Games from Cinemaware and Psygnosis is also covered in the book and of course games like Defenders Of The Crown is mentioned and yet again it explained how it all was possible and what those games did to the whole gamer world.

Btw i should mention that Defender Of The Crown was the reason i bought an Amiga and i can totally relate to why exactly this game was covered.

Psygnosis (these days they’re known as Sony’s Studio Liverpool)was an Amiga publisher/developer whom eventually got the reputation for being the number 1 of all Publishers around the world and how their graphics/Sound/Playability and games was way ahead of everyone else and that was true up till around 1993 when all of a sudden most games they released was utter shite (Cliffhanger?????? The last Action Hero??? WTF!), The game the book goes deep into is Menace by DMA Designs which was an incredible advanced game for it’s time.

Psygnosis managed to save themselves from a total disaster by publishing some awesome games after those extremely bad games (Cliffhanger, The Last Action Hero etc) with killer games like Wiz’n Liz (Bizzare Creations) ,Brian The Lion (Reflections) ,The Misadventures Of Flink (in-house by the games behind Lionheart etc) and Lemmings 3 (DMA Designs aka Rockstar North!)..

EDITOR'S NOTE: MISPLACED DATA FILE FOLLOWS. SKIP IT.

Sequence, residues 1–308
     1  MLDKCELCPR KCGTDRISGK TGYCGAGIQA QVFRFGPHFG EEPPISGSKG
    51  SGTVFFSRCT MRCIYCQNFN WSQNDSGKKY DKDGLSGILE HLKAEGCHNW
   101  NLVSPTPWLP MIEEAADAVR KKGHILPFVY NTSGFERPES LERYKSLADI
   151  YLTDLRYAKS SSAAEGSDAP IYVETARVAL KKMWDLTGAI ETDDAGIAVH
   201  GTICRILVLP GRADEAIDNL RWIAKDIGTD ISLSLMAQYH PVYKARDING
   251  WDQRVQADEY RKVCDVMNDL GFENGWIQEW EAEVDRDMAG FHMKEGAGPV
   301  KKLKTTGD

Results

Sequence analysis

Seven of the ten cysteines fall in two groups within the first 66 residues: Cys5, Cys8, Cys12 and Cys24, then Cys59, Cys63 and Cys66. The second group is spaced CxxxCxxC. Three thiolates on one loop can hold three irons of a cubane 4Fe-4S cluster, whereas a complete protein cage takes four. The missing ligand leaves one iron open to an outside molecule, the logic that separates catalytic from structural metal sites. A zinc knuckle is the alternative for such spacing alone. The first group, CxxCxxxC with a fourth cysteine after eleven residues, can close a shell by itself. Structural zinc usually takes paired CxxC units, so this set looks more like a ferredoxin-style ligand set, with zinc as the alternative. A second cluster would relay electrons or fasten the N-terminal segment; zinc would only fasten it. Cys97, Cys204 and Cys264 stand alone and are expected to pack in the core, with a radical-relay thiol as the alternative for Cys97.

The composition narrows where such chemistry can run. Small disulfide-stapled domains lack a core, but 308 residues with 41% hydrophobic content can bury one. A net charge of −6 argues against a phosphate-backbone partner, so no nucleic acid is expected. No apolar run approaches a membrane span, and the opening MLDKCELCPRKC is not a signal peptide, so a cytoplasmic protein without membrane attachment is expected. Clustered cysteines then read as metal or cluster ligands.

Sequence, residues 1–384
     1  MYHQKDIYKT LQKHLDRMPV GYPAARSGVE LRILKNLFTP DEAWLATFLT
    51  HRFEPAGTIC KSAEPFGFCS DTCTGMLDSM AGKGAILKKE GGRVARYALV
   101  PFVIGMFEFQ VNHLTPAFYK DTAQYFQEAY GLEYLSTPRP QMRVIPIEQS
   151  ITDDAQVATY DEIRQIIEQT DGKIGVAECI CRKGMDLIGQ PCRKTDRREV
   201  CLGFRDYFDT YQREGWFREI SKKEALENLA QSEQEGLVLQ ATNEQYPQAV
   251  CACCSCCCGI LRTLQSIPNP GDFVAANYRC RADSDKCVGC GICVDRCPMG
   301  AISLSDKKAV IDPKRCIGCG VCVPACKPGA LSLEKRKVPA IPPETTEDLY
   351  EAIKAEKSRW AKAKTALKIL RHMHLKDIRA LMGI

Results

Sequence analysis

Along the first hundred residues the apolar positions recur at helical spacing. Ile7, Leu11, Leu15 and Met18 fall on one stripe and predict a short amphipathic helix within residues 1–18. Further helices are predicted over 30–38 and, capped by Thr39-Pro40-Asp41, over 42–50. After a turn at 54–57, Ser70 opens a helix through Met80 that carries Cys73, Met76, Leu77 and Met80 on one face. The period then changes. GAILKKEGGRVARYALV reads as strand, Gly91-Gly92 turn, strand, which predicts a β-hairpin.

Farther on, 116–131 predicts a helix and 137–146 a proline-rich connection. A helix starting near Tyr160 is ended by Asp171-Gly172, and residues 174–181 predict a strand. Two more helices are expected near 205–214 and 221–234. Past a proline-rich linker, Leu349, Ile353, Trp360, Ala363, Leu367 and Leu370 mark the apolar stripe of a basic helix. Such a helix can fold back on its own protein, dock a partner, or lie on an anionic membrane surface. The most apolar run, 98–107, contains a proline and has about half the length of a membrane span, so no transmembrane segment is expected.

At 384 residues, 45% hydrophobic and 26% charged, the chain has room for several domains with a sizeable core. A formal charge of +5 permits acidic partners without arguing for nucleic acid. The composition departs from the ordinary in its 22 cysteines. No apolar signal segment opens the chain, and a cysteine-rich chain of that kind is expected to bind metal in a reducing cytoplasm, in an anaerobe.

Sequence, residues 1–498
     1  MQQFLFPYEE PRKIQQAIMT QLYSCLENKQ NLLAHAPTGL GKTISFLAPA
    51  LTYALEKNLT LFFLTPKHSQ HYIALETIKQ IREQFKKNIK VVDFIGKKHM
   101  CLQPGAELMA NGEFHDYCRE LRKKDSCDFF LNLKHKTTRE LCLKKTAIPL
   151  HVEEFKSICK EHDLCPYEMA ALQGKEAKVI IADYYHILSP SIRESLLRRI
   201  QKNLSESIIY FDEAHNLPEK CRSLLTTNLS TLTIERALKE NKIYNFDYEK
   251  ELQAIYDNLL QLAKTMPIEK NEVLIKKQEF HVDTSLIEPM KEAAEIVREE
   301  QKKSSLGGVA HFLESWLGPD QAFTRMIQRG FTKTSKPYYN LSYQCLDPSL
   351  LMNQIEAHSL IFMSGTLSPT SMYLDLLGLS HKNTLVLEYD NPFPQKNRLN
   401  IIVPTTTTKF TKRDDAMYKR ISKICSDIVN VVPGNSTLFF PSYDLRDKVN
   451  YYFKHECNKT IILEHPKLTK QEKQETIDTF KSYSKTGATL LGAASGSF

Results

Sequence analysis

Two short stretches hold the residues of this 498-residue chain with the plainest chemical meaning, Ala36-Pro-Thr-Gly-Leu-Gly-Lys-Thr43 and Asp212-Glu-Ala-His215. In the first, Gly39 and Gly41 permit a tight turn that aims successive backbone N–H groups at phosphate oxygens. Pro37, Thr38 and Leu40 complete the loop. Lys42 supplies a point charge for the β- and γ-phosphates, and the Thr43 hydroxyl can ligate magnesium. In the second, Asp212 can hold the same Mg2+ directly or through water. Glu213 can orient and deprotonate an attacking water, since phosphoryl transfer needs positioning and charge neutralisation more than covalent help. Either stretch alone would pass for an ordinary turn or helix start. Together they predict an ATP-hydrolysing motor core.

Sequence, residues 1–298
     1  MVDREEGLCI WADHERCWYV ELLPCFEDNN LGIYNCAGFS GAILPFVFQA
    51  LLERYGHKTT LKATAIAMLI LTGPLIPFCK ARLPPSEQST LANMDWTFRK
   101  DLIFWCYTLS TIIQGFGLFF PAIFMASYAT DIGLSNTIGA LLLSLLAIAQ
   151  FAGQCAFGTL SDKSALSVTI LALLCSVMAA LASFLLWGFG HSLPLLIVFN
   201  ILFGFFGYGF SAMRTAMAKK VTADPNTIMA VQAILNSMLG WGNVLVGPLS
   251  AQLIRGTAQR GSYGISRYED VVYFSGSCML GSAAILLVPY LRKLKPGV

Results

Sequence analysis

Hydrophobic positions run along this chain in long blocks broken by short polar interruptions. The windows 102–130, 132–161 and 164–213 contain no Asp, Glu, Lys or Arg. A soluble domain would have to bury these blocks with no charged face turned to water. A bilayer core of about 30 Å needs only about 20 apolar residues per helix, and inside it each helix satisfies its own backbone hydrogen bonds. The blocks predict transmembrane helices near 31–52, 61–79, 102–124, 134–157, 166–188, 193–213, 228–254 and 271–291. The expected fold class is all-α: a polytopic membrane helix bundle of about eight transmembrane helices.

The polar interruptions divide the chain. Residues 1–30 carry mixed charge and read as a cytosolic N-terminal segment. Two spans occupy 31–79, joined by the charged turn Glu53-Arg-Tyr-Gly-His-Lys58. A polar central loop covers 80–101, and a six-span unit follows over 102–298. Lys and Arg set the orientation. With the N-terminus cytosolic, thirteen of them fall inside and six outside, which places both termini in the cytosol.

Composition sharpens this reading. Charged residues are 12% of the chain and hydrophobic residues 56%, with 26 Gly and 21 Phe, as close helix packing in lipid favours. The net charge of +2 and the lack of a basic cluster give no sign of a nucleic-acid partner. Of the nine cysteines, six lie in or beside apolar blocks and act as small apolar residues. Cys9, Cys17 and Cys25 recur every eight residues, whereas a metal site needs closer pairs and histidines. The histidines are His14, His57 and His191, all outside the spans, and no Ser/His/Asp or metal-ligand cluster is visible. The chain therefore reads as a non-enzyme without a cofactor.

The book also has a full “dictionary” about all Amiga chips, names and abbreviations, acronyms and so on and most of them is totally common in Amiga circles though there are some and ex.gateway/Viscorp people that should have a closer look at these pages….. as those Q and A sessions on various forums over the last 10-15 years clearly shows that the owners of the actual IP have next to no knowledge about these things while they claim differently…

AAAAAAAH, Max Headroom..funnily enough the book fails to actually confirm that it was an Amiga that produced/played that background while after a few minutes i managed to find magazines (i cheated as i knew approximately when the article was written and which magazine) in my house confirming that it was an Amiga with a genlock with animated and pre-rendered graphics and stuff on top of it.

I also managed to find info via too.

Another big part of the book is covering the world of 3D animation, namely Newtek’s Toaster hardware and their software Lightwave. Lightwave was an incredible milestone in computer animation and thanks to Newtek it was now possible to use the system as a workstation for heavy 3D animation, a lot of movies in the early 90’s used the Amiga for lots of stuff but who would have guess that some of the 3D animation scenes in Jurassic Park (the movie!), Terminator 2 and GoldenEye was produced on the Amiga that by then was a very “old” computer but still beating “pics and mac’s” on many eras’s.

The book is a good read, it has some flaws and inaccuracies but on the whole, it is one that i would recommend to any Computer or gamer fan who wants to know more about the roots of Gaming and how one piece of hardware turned the whole industry on its head.